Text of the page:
- Jesse Rogers, ESPN Staff Writer
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A 49-year itch is about to get scratched.
Whether it goes away or not we’ll find out in less than two weeks, but both parties have done enough talking and say they are ready for the Stanley Cup finals to begin.
“I feel good,” winger John Madden said after the Hawks final practice on Saturday morning. “I feel excited. It’s been a long couple days not being able to play hockey. We’re excited it’s here. Game 1. We can finally start answering questions after the game about what happened out there instead of the same questions over and over so we’re pretty excited about it.”
Madden says the Blackhawks will try to keep things as normal as possible leading up to faceoff.
The team will stay in a hotel Saturday afternoon before returning to the United Center.
“We tried it in the San Jose series so we’ll see how it goes,” coach Joel Quenneville stated.
Quenneville says he doesn’t have any Knute Rockne speeches prepared for pregame. Again, treating it like just another game or beginning of a series, is the Hawks preferred strategy.
“We don’t change too much the flavor of how we approach games or going in between series,” Quenneville explained. “I think the guys have been really diligent with their preparation and their focus has been in the right place.”
What about nerves? There’s sure to be a few.
“You’d be different if you weren’t nervous for this,” Madden stated. “You have to be nervous for this but in a good way, though, and channel it the right way. You don’t want to be that nervous guy that doesn’t want to go on the ice. You want to be that guy that is nervous because he’s excited to play hockey and just chasing a dream.”
Adam Burish concurs.
“Nerves can be a good thing for this group,” he said. “Like when Jonathan Toews get nervous he gets dialed in and he’s unstoppable sometimes. Once you get on the ice that’s where everyone is most comfortable. Some guys get more nervous talking in front of the camera than being on the ice.”
Quenneville thinks with the layoff and the stakes, the first few minutes of the game will be interesting.
“Everybody needs a couple of shifts under their belt playing hockey,” Quenneville said. “Lot of talk here all week long. That’s what we’re looking for, just to play.”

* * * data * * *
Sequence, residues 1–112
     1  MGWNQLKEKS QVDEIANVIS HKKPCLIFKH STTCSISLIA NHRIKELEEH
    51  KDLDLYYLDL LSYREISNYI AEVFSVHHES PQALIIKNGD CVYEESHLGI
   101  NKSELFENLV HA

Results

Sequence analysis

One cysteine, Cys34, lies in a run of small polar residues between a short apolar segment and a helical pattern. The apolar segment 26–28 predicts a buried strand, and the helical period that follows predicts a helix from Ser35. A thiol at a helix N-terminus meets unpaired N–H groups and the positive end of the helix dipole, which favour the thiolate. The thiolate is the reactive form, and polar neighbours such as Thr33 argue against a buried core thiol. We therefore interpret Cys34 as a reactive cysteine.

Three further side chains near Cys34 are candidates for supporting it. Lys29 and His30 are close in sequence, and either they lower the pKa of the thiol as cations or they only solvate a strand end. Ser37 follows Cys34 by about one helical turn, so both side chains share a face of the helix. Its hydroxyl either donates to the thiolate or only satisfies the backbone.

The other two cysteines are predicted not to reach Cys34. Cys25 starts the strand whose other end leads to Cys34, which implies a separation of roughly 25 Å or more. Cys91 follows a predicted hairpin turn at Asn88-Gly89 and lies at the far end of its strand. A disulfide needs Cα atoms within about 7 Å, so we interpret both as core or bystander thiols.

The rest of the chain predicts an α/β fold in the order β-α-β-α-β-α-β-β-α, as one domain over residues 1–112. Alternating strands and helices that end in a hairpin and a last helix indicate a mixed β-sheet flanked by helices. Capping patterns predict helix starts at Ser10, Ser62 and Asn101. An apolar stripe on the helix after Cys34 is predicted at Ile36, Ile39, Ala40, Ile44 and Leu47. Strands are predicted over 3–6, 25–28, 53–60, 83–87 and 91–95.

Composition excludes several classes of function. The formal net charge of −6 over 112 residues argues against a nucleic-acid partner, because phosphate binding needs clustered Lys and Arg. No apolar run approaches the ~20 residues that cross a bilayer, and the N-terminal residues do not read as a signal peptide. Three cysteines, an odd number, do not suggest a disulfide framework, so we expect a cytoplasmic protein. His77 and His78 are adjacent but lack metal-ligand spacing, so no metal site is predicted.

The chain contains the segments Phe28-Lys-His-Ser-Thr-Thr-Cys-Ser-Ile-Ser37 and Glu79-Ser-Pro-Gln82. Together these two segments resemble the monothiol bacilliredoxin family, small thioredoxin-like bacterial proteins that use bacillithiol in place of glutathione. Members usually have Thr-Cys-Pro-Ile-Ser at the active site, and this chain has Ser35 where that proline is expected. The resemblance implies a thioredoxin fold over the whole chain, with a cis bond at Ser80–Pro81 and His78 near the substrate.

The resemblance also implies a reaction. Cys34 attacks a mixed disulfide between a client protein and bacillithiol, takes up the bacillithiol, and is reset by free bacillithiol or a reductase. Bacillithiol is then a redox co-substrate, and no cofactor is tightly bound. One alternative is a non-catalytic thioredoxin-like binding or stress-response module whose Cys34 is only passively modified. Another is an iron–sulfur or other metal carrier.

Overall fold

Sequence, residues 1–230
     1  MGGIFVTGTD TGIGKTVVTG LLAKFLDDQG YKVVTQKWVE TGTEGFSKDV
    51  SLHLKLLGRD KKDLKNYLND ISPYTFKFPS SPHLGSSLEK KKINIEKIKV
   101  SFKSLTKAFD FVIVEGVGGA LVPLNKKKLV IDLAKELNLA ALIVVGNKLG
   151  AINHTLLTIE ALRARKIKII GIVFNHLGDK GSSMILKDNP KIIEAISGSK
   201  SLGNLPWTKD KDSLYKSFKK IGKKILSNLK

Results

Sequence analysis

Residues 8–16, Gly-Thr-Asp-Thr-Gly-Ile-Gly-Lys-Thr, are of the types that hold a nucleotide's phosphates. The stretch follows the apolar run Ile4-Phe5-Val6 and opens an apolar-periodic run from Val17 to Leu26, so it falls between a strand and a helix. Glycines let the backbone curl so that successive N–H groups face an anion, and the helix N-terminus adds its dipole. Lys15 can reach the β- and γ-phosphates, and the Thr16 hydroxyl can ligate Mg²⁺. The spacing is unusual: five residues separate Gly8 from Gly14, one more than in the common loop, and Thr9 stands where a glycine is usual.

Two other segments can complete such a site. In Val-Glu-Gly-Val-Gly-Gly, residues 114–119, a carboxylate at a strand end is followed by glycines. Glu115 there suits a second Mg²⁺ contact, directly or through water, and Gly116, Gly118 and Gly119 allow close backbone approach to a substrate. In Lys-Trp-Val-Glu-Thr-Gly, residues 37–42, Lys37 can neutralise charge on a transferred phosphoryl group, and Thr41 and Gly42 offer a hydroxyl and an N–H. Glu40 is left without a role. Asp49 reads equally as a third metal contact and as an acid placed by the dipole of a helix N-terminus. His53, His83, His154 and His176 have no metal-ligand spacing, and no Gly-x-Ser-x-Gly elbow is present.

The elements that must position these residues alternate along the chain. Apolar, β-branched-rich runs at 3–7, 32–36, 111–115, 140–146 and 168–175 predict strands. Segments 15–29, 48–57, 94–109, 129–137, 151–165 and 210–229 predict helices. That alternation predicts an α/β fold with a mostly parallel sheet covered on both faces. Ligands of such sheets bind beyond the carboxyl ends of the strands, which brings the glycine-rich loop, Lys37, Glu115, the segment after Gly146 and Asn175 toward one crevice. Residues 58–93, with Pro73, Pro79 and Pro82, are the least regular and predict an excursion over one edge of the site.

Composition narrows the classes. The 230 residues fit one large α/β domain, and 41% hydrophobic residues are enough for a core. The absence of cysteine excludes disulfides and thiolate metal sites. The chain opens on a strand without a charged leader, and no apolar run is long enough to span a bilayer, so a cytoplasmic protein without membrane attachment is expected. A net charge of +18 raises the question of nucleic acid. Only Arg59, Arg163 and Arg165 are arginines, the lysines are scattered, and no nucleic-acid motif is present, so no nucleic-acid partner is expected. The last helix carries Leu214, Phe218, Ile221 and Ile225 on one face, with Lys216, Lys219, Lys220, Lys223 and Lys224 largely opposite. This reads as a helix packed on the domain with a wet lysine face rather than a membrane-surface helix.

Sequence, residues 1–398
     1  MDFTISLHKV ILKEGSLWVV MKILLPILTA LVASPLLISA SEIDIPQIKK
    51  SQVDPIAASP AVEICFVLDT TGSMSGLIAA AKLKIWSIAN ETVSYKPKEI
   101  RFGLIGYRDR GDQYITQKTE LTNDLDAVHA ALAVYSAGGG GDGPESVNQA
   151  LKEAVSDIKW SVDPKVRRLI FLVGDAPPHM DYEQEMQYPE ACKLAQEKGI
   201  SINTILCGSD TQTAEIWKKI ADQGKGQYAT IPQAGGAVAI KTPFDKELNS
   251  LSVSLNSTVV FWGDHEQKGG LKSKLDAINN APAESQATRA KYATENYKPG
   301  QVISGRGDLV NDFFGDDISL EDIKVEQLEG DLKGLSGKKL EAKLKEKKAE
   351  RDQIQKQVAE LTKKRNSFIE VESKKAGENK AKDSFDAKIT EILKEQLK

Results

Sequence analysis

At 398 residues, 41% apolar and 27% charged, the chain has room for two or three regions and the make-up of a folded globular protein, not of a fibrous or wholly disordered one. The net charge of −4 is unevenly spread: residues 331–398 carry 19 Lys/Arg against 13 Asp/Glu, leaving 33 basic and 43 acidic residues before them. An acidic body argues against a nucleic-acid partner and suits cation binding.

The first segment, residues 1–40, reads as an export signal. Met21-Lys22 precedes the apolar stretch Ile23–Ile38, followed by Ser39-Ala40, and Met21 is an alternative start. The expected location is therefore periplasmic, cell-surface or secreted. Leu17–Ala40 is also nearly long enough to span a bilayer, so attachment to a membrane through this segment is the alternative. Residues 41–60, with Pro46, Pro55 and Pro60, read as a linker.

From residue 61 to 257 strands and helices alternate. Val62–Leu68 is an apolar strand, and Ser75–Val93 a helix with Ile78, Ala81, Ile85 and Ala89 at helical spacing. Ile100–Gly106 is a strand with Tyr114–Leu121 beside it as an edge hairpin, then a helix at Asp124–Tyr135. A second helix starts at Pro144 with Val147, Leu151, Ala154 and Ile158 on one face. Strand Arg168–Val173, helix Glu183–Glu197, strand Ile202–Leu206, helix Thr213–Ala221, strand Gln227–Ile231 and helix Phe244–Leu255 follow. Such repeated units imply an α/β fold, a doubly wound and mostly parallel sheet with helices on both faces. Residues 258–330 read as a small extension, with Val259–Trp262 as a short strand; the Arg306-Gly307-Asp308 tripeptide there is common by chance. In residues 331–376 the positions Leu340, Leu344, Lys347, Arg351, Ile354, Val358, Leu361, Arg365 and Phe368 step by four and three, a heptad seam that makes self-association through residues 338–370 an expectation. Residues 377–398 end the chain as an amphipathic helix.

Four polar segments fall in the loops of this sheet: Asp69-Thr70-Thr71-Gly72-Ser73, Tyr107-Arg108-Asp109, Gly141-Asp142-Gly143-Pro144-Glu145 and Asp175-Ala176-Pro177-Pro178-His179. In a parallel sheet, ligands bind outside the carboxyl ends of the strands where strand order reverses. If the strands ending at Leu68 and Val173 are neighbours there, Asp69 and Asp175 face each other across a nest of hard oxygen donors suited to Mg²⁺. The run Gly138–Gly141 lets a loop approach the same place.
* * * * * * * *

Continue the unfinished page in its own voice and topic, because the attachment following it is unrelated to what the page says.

For some players, the night before the finals begin wasn’t a big deal -- Dave Bolland said he was out cold at 10 pm Friday night -- for others the phone wouldn’t stop ringing.
“[It] rang more than normal,” Burish said. “My sister called me to wish me luck and cut me back down to size. She said, ‘You’re not that cool. What did you do today?’ So she gave it to me. And some buddies called.”
Patrick Sharp says all his business is taken care of.
“Everyone has everything figured out for logistics and family and stuff like that” he said. “We’ve done enough scouting and talking about the other team … we’re happy the moment is here.”
“Tough loss with Laddy [Ladd] but Kopy [Kopecky] is a big body with some nice hands,” Dave Bolland said. “We can utilize him. It is a bit of a different rhythm but we mixed up the lines all season. I played with Kopecky so I know how he plays.”
Bolland, Kopecky, and Kris Versteeg will start together as the Hawks checking line. The former two along with Ladd were a vital piece to the Hawks defensive puzzle in previous rounds.
“We have options,” Quenneville said. “We’ll see. I know [we have] Hossa or you could look at Brouwer [going there]. We have other options as well. We’ll probably begin like that and go from there.”
So the game plan is in -- look for Bolland to check Mike Richards -- and tickets have been distributed. Families have arrived from all over the world and Hawk fans are as hungry as ever. There’s only one thing left to do. The veteran Madden will address it.
“Have fun. It’s a chance of a lifetime.”
That it is.